Physiological adaptation might be to reduce
the psycho-emotional response to the offending
stimulus or stimuli. Psychological response
might be to reframe the perspective of events
that have one’s life. It is suggested,
however, that adaptation might be physiological,
psychological, or sociological or a combination
of all three realms; this redefining the nature
of one’s relationship to others as a means
of adaptation. Future research should then strive
for greater understanding of the processes that
underlie hedonic adaptation of the psychological
contract as a venue to more adaptive coping
Finally, researchers and clinicians
(Young, 1990, 1999; Scaer, 2005) have found
that, consistent with the perception of reality,
coping strategies are individual specific and
rely greatly upon the individually assigned
support system. To the extent of a person’s
perception of locus of control, he or she relies
upon the support and assistance of others. The
empirical data resulting for the previous recommendations
should lead to a Department of Defense (DOD)-sponsored
effort to proactively amplify adaptive thoughts,
feelings, and behavior and attenuate factors
found to be foundational to maladaptive psychological
contracts, thereby fostering adaptive coping
Psychological contracts are
conceptualized to be beliefs people hold regarding
the terms and conditions of the exchange agreement
between himself or herself and the organization
(Rousseau, 1989, 1995; Millward & Brewerton,
2000; Shore & Tetrick, 1994). Thus, the
psychological contract is a highly individualized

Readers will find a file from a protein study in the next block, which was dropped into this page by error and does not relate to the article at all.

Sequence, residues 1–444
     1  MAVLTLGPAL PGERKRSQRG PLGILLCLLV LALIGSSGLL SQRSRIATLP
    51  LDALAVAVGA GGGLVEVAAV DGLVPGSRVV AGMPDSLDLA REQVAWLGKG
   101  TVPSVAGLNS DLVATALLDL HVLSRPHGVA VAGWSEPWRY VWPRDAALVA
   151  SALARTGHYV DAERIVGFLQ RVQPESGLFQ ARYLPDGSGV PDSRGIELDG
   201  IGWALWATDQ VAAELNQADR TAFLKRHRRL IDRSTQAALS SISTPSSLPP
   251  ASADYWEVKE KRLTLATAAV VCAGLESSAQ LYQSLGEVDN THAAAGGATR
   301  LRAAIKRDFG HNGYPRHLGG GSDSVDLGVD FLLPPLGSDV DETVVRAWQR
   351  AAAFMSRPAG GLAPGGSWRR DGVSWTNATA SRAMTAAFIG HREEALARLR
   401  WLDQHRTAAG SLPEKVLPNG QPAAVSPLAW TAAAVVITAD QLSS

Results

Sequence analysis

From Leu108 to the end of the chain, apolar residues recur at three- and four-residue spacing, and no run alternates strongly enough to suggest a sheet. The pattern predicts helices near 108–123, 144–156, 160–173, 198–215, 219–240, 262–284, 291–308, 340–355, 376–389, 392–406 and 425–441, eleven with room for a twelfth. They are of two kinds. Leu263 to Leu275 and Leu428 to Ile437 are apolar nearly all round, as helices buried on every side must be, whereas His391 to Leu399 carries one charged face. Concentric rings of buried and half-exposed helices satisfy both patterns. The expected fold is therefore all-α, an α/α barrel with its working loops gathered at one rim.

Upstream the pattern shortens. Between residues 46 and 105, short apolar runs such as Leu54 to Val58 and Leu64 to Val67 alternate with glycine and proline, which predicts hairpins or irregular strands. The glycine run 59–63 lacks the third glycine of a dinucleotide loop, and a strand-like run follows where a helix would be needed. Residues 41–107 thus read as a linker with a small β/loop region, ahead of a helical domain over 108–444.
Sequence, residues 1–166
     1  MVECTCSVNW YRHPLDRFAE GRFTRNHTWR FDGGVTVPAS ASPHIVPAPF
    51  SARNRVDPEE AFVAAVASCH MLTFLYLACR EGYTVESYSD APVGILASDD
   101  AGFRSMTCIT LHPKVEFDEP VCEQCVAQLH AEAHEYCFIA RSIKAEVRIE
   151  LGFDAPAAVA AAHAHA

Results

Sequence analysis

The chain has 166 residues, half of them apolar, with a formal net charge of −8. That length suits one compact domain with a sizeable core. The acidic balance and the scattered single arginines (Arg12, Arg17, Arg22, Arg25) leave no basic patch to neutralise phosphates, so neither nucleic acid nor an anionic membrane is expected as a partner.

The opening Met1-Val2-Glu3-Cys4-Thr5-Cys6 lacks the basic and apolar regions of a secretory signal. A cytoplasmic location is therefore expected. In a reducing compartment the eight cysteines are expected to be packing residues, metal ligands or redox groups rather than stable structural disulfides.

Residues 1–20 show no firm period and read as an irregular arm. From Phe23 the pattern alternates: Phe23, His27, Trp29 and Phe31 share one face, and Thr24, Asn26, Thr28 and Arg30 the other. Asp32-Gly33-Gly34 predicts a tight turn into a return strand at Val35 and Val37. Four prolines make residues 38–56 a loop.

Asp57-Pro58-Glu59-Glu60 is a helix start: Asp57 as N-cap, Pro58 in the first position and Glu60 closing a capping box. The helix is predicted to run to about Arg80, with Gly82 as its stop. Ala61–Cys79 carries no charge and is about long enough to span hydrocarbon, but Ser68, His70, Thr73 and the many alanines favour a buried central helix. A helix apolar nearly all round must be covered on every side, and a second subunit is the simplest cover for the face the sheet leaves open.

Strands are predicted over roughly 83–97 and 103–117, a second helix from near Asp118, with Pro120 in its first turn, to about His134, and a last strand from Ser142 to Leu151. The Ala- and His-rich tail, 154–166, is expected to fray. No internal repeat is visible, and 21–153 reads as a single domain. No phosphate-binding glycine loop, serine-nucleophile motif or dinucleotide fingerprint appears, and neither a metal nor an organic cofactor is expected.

perception of the verbal promises made between
a person and the organization for which he or
she is accountable. Robinson and Morrison (2000)
conceptualize a five-question instrument to
operationalize psychological contract breach.
Representative statements of potential concern
are: “Almost all of the promises by my
employer during recruitment have been kept so
far”, “So far, my employer has done
an excellent job of fulfilling its promises
made to me”, “I feel betrayed by
my organization”, “I feel that my
organization has violated the contract between
us”, and “I feel extremely frustrated
by how I have been treated by my organization.”
The participant responds using a seven-point
Likert-like scale from “Strongly agree”
to “Strongly disagree.”
As a point of entry, researchers
(Rousseau, 1989, 1995; DeVos, Buyens, &
Schalk, 2003) argue the psychological contract
provides a point of debarkation for people to
actively interpret new experiences, form expectations,
and make predictions or prognostications. Alterations
in the psychological contract at specific points
along the continuum from entry to a point six-months
to a year from entry (Rousseau, 1989, 1995).
Rousseau (1989, 1995) suggests this initial
period of organizational entry and socialization
is characterized by sense-making, in which the
person comes to interpret, understand, and respond
to his or her new employment environment. DeVos
et al. (2003) suggests the sense-making process